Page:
A picture-perfect town in northwestern Montana with 3,382 inhabitants, Libby is defined as both quirky and laidback. With its incredible Kootenay River and Cabinet Mountains landscape, travelers may see no reason not to visit this town. Those checking out the popular Gold Pan Casino may find a mysterious vehicle awkwardly resting on top of a lampost right outside, while the interior is full of cushion chairs and slot machines ideal for cozy travelers. Over at the Black Board Bistro, tourists can experience Mediterranean-inspired cuisine with a touch of noir architecture in the background that is unlike any other restaurant experience in the state. As for history, the Heritage Museum preserves diversity and artifacts that are attributed to the 1970s. with captivating locomotives and Kootenai exploration tools that are truly quirky to newcomers. The Ten Lakes Scenic Area and its accompanying Libby Dam are frequented natural landmarks for travelers wanting to explore deeply carved wilderness valleys and high-rise rock basins. Those in town can even venture further out towards Yaak Falls, where surprisingly narrow mountain points create a scenic turnout on camera. In the "City of Eagles," it is easy to find solace among tourism surprises.

Big Timber

Sign welcomes visitors to the small town of Big Timber Montana, located right off busy Interstate 90
Sign welcomes visitors to the small town of Big Timber Montana, located right off busy Interstate 90, via melissamn /

Big Timber, a southcentral small town with 1,747 inhabitants, is an agricultural hotspot for tourists seeking scenic drives and wilderness excursions. With quirky landmarks like the Absaroka-Beartooth Wilderness, blue-ribbon trout fishing is a common activity that shows visitors the recreational side of the state. The Crazy Mountain Museum is also nearby, which lives up to its name with a host of antiques and relics from the past that stimulate minds of all occupations. Travelers in this town will find a lot of crowds near the Big Beaver Campground, a locale within the Gallatin National Forest that caters to the finest firepits and picnic tables for unusually appreciative natural splendors in places that feel lost to time. The Green Mountain Trail, another spectacular locale for tourism, is adjacent to the Boulder River and has amusing paved walkways and geology perfect for those who love freshwater basins. Those staying near downtown may admire Two Rivers Gallery, a glorified locale that is accustomed to history through its pottery and sculptures reminiscent of Montana's quirkier side.

White Sulphur Springs

White Sulphur Springs, Montana welcoming signboard.
White Sulphur Springs, MT welcoming signboard. Image credit Cheri Alguire via shutterstock

An outdoor destination with plenty of culinary and natural wonders, White Sulphur Springs has a population of 1,114 residents. Its featured locales, like the Bar 47 saloon, demonstrate how quirkiness and beauty go hand in hand with locals and tourists enjoying cocktails and live music events. Over at Branding Iron Cafe, tourists may find quirks related to family-oriented breakfast meals with an outdoor view of the town's plaza. Historical enthusiasts will likely prefer Bair Museum, a 19th-century family home that features unexpected Crazy Mountains glaciation and Castle Mountains photography, as well as diverse collections of modern European and American murals that pay homage to Native Americans. For those looking to stay under sunlight and experience Meagher County's wilderness areas, the Arts & Cultural Trail has a two-hour recreational tour with five different mountain ranges appealing to trekkers and wanderers. Yet another quirky discovery in this town is the Kings Hill Scenic Byway, perfect for leisure drivers who want to witness rugged beauty and invigorating mountain lakes with high country vertical drops, a definitive example of unconventional tourism.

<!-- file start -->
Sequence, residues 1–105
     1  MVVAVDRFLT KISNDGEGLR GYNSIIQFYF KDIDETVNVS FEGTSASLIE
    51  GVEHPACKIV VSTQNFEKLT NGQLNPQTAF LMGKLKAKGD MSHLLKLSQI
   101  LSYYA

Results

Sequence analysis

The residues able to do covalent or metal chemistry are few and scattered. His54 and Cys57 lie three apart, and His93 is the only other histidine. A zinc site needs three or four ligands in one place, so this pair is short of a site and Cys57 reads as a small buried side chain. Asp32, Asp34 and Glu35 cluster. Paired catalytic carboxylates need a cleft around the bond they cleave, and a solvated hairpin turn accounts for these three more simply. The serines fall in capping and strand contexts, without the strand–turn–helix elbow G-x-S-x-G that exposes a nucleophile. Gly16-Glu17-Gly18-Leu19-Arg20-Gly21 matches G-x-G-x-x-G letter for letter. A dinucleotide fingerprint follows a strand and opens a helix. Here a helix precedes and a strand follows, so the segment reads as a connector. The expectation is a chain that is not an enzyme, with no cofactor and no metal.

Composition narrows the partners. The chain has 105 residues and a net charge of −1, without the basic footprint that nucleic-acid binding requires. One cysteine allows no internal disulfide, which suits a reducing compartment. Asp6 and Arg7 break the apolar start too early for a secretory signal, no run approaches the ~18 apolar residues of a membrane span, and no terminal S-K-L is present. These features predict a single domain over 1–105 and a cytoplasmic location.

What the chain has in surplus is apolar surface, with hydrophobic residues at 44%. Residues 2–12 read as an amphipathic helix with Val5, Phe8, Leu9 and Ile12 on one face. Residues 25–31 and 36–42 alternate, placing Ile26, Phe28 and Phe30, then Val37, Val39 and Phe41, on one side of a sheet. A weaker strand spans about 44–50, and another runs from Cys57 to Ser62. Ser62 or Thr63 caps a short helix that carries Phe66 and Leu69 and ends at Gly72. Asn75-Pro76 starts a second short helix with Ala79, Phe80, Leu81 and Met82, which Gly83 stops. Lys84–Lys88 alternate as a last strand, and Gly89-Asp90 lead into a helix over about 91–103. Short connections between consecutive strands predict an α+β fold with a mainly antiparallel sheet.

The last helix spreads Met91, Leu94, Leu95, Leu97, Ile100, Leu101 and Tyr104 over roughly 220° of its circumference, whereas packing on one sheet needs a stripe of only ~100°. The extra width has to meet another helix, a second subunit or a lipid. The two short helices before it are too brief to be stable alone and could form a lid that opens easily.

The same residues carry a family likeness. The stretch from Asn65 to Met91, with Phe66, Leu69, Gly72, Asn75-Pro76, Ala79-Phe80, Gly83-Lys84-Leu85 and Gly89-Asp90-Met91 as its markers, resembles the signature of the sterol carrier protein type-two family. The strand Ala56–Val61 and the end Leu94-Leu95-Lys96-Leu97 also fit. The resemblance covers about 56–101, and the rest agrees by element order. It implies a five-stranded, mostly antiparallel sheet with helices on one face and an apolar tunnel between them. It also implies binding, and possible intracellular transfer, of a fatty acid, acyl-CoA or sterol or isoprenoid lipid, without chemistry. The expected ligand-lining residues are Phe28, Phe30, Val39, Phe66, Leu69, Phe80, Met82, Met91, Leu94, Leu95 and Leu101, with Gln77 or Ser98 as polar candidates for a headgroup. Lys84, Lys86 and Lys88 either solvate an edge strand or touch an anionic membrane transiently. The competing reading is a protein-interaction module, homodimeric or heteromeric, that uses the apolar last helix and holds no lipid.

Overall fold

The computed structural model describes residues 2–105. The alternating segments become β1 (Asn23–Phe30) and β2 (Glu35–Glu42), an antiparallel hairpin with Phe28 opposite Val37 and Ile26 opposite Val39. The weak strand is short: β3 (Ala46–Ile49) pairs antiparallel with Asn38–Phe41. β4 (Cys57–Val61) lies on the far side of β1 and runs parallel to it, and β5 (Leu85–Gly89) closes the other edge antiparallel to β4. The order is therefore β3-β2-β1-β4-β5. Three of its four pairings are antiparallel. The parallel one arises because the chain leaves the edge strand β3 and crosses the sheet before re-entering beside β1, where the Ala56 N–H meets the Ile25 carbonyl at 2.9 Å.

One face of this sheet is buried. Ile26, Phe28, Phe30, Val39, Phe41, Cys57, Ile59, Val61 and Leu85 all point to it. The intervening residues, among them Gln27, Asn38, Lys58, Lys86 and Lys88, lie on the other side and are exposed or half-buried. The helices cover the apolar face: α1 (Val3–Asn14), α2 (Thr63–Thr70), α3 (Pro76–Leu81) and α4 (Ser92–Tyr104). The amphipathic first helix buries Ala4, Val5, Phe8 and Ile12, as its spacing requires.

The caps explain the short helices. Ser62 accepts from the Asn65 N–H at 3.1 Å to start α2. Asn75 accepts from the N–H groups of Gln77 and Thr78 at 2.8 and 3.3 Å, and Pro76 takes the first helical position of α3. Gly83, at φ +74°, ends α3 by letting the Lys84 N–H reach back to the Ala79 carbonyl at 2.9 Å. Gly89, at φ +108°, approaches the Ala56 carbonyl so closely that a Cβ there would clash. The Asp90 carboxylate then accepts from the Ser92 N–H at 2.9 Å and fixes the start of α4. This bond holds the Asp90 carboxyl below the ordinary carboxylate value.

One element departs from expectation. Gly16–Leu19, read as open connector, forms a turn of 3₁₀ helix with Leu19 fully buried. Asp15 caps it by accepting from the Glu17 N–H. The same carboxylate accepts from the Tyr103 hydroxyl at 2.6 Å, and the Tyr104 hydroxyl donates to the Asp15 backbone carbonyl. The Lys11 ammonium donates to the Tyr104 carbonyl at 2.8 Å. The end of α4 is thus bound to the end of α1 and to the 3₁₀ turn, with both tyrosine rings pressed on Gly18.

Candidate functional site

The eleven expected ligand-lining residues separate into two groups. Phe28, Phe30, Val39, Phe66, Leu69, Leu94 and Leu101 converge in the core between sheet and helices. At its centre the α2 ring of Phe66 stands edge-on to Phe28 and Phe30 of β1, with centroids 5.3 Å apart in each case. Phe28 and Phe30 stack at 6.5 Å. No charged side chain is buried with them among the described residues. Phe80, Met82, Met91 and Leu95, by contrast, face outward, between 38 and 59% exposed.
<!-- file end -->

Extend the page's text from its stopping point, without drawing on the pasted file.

Christ Episcopal Church, a historic church in Sheridan, Montana, United States
Christ Episcopal Church, a historic church in Sheridan, Montana, United States, By Spend A Day Touring, LLC - Flickr: 44448 Sheridan Church, CC BY-SA 2.0, Wikimedia Commons

A charming small town with stunning beauty and quirky appreciation, Sheridan is home to 790 locals who recognize that southwestern tourism is as good as its people and landmarks make it out to be. Situated within Ruby Valley, this town has options like the Tobacco Root Mountains and Old West digging sites, which makes one's stay here feel like the 1860s when seeing desert plains and authentic "gold rush" culture. For natural quirks, Shoshone bands are often seen across mountain ranges, lending to sociocultural and environmental tourism that originates from the Civil War days. Backpacking on highlands through the Snowcrest Mountains is another way for tourists to feel involved, with multiple fishing stops and ghost towns that seem uncanny to settlers and campers. As for those with a penchant for unusual and intriguing nightlife, the Great Brew Pub has some of the most unique commercialized craft beers that leave visitors wanting more upon their next visit.

In Conclusion

These small towns all provide a quirky perspective on history and natural wonders in the state of Montana. With plenty of unforgettable inclusions and opportunities to visit, travelers will always be safe with this list in hand. The landmarks and locales one may find here are sure to bring smiles and enjoyment, no matter how familiar or unfamiliar they are with the "Big Sky Country."